The tale of Van Halen’s backstage candy demand is the stuff of legend and in the decades since it occurred has often acted as a kind of stand-in synonym for a highfalutin diva lifestyle, but if you believe that faulty parallel — NO BROWN M&M’s = DIVA — then you probably don’t know the full story.
The Van Halen M&M concert rider story isn’t about rock-n-roll excess or making a frivolous demand just for the sake of it. Instead, the seemingly strange and diva-like chocolate coated command was always about intelligence, safety and, above all else, an attention to the finest detail. I’ll spare you the entire explanation here but it is well worth the read.
When my family arrived at the Reno / Tahoe airport last week we were greeted not by bowls of M&M’s or by Van Halen, but by Kia executives, a professional photographer, and a glistening white Kia Sorento with all the available bells and whistles, and also with thoughtful touches waiting inside: a cherry red fleece blanket for the kiddos in the backseat, a #SorentoFamily branded over-sized cooler bag stuffed with fresh fruit, juice boxes, protein bars, and chewy fruit snacks, and inside every cup holder was a chilled bottle of water.
But that wasn’t all that was in our snow-colored Sorento. Just for us was our very own version of a bowl of M&M’s with the brown ones removed. Tucked lovingly into the center console were two glass bottles of the finest craft root beer brewed today, Bundaberg Root Beer from Australia. Not only were there two craft root beers waiting for us in the SUV, they were somewhere in the neighborhood of 62.5 degrees Fahrenheit, the purely guessed temperature I fancy telling people that I prefer to drink my craft root beers at, basically just thisside of room temperature. It sounds absurd coming out of my mouth, and it makes people laugh and laugh at me, which is a pretty nice party trick to brighten a room.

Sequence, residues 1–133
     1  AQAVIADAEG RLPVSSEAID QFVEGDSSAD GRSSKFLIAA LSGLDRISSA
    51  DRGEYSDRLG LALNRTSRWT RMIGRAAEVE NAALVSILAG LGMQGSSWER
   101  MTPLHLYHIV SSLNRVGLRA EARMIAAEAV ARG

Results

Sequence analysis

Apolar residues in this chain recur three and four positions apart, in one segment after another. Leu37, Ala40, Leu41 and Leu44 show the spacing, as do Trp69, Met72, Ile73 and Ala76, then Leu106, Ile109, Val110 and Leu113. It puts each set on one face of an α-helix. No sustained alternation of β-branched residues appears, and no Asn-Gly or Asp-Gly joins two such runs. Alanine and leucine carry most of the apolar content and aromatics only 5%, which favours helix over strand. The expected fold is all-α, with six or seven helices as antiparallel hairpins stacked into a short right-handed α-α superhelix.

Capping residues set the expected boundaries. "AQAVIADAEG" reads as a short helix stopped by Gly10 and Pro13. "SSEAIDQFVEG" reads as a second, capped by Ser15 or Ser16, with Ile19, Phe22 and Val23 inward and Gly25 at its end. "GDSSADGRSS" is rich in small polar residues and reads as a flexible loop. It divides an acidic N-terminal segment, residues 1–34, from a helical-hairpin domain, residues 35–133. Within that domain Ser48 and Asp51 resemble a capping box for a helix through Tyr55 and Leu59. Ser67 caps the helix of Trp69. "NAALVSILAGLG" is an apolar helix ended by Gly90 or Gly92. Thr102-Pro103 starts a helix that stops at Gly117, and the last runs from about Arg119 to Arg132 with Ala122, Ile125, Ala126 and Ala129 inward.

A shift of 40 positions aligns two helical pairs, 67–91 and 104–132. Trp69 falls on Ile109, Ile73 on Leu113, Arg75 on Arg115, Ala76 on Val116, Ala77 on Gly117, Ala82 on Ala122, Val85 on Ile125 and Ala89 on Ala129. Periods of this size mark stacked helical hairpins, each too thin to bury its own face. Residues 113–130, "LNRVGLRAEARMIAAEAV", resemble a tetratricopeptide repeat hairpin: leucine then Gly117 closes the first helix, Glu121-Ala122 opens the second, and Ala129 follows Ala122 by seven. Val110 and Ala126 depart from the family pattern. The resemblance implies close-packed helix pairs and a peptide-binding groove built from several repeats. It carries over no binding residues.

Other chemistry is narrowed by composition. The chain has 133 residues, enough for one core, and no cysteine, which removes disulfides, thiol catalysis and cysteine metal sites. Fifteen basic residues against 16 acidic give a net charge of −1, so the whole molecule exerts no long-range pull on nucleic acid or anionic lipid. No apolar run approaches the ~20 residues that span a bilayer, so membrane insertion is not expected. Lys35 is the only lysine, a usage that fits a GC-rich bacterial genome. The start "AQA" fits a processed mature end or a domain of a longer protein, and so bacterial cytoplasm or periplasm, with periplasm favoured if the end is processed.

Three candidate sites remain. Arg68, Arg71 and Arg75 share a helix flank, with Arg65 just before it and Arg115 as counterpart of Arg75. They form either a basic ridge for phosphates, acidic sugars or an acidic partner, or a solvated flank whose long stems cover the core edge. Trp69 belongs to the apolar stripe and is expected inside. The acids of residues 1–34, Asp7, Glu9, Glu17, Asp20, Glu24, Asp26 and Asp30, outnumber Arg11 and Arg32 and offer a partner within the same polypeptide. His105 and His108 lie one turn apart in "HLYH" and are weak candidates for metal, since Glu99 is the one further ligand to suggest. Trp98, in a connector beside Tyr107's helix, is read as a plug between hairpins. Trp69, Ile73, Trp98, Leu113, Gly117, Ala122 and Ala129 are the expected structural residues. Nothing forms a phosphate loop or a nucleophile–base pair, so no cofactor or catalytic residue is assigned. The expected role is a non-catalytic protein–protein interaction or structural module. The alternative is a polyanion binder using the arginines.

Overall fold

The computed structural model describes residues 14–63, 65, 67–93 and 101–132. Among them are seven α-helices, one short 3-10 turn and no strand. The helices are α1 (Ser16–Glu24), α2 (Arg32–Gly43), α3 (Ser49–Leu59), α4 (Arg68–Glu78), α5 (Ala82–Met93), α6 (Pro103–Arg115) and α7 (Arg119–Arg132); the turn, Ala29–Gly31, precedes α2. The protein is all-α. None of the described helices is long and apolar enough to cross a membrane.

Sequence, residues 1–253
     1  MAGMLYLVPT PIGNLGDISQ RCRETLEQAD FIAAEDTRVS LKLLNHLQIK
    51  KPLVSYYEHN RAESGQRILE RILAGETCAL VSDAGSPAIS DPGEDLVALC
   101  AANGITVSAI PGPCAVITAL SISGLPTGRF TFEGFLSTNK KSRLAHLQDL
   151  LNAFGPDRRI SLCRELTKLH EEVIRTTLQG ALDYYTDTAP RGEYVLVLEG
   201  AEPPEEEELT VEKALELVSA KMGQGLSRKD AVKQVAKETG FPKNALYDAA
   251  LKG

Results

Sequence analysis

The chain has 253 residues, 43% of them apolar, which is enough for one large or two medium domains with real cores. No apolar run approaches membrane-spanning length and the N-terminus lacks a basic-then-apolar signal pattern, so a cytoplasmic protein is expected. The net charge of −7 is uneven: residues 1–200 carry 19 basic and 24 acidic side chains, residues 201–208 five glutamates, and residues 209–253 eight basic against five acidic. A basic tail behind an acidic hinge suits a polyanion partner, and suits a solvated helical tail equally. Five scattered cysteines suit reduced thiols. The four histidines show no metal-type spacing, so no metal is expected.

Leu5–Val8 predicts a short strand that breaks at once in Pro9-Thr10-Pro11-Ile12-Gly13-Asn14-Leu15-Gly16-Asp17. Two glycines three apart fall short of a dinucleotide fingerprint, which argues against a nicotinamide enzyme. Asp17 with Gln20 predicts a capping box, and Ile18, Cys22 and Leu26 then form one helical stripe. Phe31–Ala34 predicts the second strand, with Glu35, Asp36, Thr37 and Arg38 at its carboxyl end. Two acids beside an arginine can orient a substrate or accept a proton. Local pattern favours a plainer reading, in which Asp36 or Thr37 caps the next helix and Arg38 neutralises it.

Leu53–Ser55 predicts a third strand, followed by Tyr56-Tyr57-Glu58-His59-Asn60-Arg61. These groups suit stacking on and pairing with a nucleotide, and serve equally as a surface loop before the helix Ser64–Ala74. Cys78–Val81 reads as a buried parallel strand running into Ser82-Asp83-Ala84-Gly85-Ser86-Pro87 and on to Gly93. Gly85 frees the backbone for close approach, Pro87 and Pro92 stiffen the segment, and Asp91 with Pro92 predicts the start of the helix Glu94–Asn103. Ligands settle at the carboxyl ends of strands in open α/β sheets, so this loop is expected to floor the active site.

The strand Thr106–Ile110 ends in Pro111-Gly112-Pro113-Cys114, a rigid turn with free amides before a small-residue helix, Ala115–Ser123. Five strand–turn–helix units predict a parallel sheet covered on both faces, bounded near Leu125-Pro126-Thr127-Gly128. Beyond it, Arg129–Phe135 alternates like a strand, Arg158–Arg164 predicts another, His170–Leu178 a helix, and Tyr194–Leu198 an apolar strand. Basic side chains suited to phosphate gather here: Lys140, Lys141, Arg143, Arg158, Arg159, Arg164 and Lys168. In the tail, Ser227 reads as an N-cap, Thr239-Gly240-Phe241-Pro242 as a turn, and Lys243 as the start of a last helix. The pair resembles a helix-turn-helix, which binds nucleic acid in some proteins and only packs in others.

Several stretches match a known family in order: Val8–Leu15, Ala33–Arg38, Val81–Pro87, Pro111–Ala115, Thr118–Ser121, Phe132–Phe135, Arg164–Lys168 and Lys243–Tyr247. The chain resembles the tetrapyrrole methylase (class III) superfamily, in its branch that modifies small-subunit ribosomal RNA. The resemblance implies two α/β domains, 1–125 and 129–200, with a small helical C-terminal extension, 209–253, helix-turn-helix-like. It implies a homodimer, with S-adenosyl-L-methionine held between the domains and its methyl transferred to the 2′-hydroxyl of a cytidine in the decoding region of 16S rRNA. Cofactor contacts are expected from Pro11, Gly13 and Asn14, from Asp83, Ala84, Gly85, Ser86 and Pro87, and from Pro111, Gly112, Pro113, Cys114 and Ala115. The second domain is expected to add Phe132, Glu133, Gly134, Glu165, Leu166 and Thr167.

Of course I don’t have a concert rider, never make any demands or even humble requests, and am about as close to the opposite of a diva as a person can get, but there they were, the one thing, that singular special thing that the Kia team learned about me and remembered that I enjoy. I was blown away by their attention to detail at this granular level. I was also pretty thirsty after 7 hours of flying.
We waved goodbye, pressed go on the Sorento’s Navi system’s pre-programmed route to the Ritz-Carlton hotel and drove away with delicate traces of sarsaparilla, vanilla bean and molasses appearing in every sip and forming a fragrant bouquet in our mouths. My lord was that delicious.
I’ve told you before how impressed I’ve been with the transformation Kia has and is still undergoing as a car company (I believe it so much that I dumped our family car last August and bought a Kia Sorento) and while it might seem silly to make a correlation between a pair of very good root beers and Kia’s brand-wide change, the presence of those bottles in our borrowed white Sorento as we embarked on the 2017 SorentoFamily Winter Adventure without a doubt speaks to the high level of thought and minute attention to detail every member of the Kia corporate team puts into their work.
Kia’s exhaustive, spare no expense, leave no stone unturned, top-down commitment to excellence is visible today in their cars; in the way they look, feel and drive. I got a couple of fine beverages in Tahoe at just the right temperature but everyone who buys a Kia nowadays is getting so much more, they are getting the automotive equivalent of a bowl of M&M’s sans the brown ones.
Photos by Cielo Roth Photography.